And here's a tip just for YOU - the Tips are all archived, so if you missed the Karimba tips and you just bought a karimba, go to the bottom of the page on the Thursday tips and you can find all of the past tips for the featured kalimba. This is just one of the things that has made www.KalimbaMagic.com the best kalimba site in the world!
Every few weeks, I send out an email that lets you know what the Tips of the Day have been lately. If you would like to be on the Tips mailing list, contact me.
At Kalimba Magic, we have pioneered the use of tablature to convey kalimba knowledge. We have provided sound recordings for instruction. We are the world's leader in kalimba instructional books. And using KTabS software for windows computers, we have pioneered remote kalimba lessons tailored to the needs of each student.
But today we take a great leap forward in kalimba instruction: we present Kalimba Video. Click on the image below and watch me play the first song I wrote on the kalimba, First Look Inside.
If you like this song, it is available on my 2000 CD release Two Thumbs Up. In fact, I liked it so much that I have two different versions on the CD - a solo version (much like this one), and a full band version.
But I digress. The real point of this video is that now I am working on mastering the pathway of getting video onto the computer. This means that you can expect video in upcoming Tips of the Day, and somewhere down the line, you will be able to purchase a DVD or Video CD filled with kalimba instruction video. Yes, you will be able to see just how grungy my couch is, how much my knees jump up and down while I play, and also you will be able to discover for yourself the secrets of playing wonderful kalimba music without sitting on my couch.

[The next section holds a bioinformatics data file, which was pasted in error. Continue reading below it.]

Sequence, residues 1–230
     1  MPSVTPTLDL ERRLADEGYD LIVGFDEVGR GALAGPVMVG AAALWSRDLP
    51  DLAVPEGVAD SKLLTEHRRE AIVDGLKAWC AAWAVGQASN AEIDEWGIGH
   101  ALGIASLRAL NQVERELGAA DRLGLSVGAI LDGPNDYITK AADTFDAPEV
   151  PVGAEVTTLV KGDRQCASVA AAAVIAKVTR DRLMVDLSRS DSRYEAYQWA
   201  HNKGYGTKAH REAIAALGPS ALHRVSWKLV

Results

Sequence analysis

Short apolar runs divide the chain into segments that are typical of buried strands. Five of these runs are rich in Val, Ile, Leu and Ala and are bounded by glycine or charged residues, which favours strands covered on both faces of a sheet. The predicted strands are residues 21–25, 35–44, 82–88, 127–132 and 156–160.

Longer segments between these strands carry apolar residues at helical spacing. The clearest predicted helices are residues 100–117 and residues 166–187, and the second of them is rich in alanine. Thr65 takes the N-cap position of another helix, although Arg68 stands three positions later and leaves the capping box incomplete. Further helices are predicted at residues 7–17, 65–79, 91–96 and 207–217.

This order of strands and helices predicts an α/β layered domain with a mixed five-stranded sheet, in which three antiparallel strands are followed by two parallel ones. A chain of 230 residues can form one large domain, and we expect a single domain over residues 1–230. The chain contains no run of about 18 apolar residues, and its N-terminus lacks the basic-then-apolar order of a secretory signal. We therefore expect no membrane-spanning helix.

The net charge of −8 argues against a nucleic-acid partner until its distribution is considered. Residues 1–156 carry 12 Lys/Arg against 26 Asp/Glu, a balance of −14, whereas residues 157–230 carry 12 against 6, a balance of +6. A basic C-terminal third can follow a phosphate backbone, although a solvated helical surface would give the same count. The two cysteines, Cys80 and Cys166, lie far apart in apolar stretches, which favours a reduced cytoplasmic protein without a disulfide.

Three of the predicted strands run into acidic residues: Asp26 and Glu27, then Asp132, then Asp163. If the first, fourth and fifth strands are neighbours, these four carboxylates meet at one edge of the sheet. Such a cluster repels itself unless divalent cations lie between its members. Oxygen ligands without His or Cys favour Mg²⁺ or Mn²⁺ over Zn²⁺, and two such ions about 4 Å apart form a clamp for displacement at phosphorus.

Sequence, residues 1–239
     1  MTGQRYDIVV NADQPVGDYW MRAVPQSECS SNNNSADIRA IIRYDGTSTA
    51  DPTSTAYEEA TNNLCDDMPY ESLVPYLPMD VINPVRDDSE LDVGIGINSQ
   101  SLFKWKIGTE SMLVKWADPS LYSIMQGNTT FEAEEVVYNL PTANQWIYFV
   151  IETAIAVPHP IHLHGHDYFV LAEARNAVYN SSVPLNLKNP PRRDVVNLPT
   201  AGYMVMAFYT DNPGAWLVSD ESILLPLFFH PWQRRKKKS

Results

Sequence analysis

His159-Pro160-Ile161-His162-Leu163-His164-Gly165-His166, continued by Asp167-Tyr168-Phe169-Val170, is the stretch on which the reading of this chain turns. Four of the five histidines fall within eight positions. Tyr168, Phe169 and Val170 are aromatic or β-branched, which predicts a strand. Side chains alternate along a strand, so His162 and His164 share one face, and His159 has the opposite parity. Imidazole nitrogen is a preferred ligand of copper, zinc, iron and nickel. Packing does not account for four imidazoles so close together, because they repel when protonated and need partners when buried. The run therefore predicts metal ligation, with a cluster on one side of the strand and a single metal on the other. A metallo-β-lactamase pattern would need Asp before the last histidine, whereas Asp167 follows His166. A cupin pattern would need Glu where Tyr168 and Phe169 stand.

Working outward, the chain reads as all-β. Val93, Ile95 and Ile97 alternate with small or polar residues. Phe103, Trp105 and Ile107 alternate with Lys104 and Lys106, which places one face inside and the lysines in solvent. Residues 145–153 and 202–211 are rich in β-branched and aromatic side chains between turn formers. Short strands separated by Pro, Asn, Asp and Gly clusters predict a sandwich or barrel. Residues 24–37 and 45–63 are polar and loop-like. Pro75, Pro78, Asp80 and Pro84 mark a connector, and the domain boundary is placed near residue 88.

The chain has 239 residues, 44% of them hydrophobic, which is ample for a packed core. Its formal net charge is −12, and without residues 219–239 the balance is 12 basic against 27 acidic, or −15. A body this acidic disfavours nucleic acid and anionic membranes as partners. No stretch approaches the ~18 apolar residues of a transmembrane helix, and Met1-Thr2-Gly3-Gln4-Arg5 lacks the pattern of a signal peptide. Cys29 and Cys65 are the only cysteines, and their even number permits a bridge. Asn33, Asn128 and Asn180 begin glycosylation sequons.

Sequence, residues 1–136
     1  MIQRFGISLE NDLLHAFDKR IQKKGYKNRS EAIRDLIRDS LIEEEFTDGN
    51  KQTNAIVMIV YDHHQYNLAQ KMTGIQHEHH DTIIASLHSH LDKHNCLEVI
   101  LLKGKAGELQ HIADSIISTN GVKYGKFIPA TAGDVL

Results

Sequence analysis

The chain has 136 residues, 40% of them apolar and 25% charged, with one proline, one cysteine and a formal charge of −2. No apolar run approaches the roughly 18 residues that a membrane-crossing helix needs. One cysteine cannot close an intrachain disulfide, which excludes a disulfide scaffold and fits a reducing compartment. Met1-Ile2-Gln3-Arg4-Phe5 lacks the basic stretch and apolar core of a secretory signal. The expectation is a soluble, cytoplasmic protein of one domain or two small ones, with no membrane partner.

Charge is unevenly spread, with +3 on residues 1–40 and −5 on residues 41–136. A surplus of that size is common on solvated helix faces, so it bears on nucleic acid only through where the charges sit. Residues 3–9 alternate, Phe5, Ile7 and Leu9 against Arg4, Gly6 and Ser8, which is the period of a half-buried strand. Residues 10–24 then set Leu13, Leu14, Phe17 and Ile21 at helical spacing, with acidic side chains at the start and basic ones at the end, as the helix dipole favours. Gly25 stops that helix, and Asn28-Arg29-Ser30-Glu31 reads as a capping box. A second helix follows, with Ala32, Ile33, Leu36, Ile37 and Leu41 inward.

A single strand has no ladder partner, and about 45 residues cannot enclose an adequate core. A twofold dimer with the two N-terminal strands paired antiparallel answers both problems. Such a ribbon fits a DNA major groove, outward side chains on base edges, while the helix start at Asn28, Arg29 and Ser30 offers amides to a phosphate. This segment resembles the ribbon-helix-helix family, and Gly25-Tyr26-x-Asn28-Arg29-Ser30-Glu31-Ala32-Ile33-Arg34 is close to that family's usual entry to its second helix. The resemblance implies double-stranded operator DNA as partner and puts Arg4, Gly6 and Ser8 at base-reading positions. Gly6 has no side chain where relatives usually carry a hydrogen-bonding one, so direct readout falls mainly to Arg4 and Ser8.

This month, we are assembling a promotional package for kalimba players who wish to be part of Kalimba Nation 2008, the US Kalimba Tour. While you and I know just how amazing the kalimba is, most people in the USA, amd most people in the world, don't yet. You and I can change that. We will be pitching Kalimba Nation to music festivals for spring, summer, and fall of 2008. So far, several folks have expressed interest in participating. They are listed below along with the region in which they would be most likely to participate:
However, I still need (a) a great digital photograph of you (1000 pixels across would be great - I can always downsize it for the web); (b) a short 50-word description of your kalimba music, and a 300-word biography; and most important, a lively example of your kalimba playing in MP3 or WAV form. A number of us do the multi-track thing for our CDs, but I really think we should concentrate on presenting tracks that we will actually be able to pull off live. SO, if you use a looping station, thats cool at many festivals, so go ahead and submit that. But if you can't reproduce a complex tune, I don't think we should use that to get the performance slot.
If you would like to be part of the Kalimba Nation 2008 tour, or if I neglected to note your info, please contact me and get me your info ASAP!
The darker kiaat wood is the heart wood, while the light colored kiaat wood is the sap wood.